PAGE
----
By Ingrid Laub with Kari Ickert

                                                                                                                                           


People’s #1 fear isn’t snakes. Or planes. Or even snakes on planes.

                                                                                                                                                           

It’s public speaking.

A sold-out crowd faced their fears head-on in an interactive communications skills workshop by the WICT NY chapter and Own the Room. I was introduced to Own the Room last spring, when I attended a 1-day session. I was impressed and thought WICT NY members would really benefit from the training, so we worked with Own the Room to develop a 90-minute program specifically for our chapter.

Our trainer, Robin Amos Kahn, had us practice various techniques to banish weak language (the “like”s and “um”s that dilute our messages), speak with authority, and grab people’s attention. We paired up and took videos on our phones so we could see and hear ourselves – which I personally find horrifying, but it’s a great teaching tool.

Robin tailored our session to the predominantly female group, sharing with images of strong, pioneering women (from Mary Tyler Moore to Beyoncé) to inspire us. She demonstrated the effectiveness of walking up and down the aisles, making eye contact, modulating her voice, and using stories and humor to keep us engaged.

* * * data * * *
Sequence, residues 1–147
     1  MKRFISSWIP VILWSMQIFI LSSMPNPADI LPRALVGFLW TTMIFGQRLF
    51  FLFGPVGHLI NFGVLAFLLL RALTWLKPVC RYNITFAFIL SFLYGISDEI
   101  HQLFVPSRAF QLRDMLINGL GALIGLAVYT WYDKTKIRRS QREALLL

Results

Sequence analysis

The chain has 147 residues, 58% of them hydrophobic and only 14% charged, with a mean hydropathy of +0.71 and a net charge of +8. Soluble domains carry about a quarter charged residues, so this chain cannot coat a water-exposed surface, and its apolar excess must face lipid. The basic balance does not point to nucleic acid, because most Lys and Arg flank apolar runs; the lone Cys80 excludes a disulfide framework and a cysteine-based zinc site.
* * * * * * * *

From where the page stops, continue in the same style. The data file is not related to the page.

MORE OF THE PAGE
A few specific tips:

  • Project to the four corners of the room
  • Be your authentic self
  • To be more memorable, introduce yourself with a scene or question, THEN your name
  • If you’re nervous, get over yourself! What really matters is your message
  • Your most powerful tool as a speaker is SILENCE
  • Being concise makes you a stronger speaker
  • You have only 20-30 seconds to engage an audience
  • Be different / emotional / visual

 

It was a fun, enriching evening that left us feeling empowered and excited to put our newly-honed skills into practice. We also realized that we’re not alone in our efforts to become more powerful speakers. Too often, a woman will say something in a meeting and be ignored; then a man says the same thing and gets credit for the idea. Robin shared the Obama White House’s “amplification” strategy. If a woman’s idea wasn’t acknowledged, another woman repeated it, giving her colleague credit for suggesting it. Women need to support each other to make our voices heard.